I really enjoy the simplicity of Tobey Maguire's chemistry with Kirsten Dunst's Mary Jane Watson. It is a very sweet, homey relationship that does not contain too many shocks or surprises, but it's what you want from two on-screen lovers. It's sly, winsome, heartfelt and enormously passionate, if in a goodie-two-shoes type of way. It's arguably the most wholesome relationship we've seen from a Spider-Man movie, though I'd entertain an argument about Tom Holland's romance.
There is something very lovely and old-fashioned about how the relationship plays out, particularly with Peter Parker eventually breaking up with Mary Jane, getting back together with her and learning to find the courage to propose to his love. Although it doesn't have the same nuances and touches of realism that were found with both Andrew Garfield and Emma Stone and Zendaya and Tom Holland, it does have a soft, warming beating heart that makes it feel truly invigorated in the right burning moments, and Sam Raimi's beaming flashes of style and passion enliven this relationship as well.
As A High Schooler
As it has been mentioned already, in the original trilogy, it was always weird to see clearly 25 or 30-year-old actors trying to pass themselves off as characters practically half their young age. The high school elements are taken out after the halfway point when the characters graduate, but there was a desire to see high school Spider-Man flourish, and that was something that was ultimately absent in the otherwise often-satisfying movies.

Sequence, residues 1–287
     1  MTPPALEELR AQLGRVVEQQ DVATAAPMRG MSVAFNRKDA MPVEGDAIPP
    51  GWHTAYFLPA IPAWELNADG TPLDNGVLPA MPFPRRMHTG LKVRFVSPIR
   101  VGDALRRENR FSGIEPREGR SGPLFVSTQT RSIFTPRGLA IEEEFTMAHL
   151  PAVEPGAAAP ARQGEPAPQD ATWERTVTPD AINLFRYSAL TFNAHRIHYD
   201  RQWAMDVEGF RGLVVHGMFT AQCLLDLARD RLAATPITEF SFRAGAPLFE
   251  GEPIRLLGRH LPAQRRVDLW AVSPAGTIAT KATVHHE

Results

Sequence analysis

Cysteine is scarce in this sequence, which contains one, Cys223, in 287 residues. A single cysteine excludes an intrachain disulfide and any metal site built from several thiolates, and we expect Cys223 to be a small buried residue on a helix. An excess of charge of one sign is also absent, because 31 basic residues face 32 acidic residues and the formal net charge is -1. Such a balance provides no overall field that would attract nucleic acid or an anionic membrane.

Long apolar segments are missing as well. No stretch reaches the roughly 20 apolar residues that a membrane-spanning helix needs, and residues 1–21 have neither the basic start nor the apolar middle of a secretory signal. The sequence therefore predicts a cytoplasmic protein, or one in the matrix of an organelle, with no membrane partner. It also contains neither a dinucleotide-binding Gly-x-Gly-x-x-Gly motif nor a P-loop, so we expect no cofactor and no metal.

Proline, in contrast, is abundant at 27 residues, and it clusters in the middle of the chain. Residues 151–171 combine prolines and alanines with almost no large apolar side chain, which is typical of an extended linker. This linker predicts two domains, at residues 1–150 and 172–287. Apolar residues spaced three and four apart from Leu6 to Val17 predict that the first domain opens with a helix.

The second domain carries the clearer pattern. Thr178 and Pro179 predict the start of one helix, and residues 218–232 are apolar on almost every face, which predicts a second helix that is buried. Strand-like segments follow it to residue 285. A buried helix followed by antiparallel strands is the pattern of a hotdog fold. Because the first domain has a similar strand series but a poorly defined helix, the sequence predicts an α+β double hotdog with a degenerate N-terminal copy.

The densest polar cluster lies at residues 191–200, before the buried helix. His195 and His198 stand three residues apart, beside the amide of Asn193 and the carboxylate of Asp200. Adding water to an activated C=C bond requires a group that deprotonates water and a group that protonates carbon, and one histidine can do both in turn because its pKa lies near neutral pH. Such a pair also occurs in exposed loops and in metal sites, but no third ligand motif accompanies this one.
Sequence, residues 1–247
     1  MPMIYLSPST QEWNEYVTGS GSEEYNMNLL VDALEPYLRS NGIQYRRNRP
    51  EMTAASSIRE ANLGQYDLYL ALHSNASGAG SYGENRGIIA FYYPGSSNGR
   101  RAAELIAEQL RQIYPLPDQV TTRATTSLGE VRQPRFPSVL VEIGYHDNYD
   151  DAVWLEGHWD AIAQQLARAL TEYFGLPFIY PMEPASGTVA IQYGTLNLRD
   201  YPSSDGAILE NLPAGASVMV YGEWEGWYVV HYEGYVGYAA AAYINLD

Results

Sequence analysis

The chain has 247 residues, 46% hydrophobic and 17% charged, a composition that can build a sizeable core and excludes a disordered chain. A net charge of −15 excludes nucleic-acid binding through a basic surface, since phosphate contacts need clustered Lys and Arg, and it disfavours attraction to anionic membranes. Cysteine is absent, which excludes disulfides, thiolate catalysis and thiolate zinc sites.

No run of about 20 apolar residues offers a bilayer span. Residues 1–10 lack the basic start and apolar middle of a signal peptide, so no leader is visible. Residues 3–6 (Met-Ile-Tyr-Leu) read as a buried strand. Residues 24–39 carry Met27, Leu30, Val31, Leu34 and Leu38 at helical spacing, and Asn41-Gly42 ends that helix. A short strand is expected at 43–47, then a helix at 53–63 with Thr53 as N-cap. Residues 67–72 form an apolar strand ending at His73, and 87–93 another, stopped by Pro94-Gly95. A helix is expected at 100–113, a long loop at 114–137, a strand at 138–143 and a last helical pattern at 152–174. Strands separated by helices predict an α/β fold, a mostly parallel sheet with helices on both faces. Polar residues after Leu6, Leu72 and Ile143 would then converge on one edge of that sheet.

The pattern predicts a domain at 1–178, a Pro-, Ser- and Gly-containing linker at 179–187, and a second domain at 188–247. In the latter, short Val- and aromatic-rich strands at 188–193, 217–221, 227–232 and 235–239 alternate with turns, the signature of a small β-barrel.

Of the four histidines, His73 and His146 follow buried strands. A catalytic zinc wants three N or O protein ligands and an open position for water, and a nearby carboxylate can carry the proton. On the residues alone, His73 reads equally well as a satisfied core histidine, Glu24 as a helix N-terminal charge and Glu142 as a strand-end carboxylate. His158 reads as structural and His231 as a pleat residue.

High school plays such a teeny, tiny part of the original Spider-Man trilogy (only half a movie at most) that one would be extremely hard-pressed to argue that it's high school elements are where the movie excels. For as much as Sam Raimi got right about his movies, this is one crucial area where his movies ultimately fall short, and it would seem even more apparent in the Marvel Cinematic Universe how little these movies represent high school.
The Best Spider-Man Actor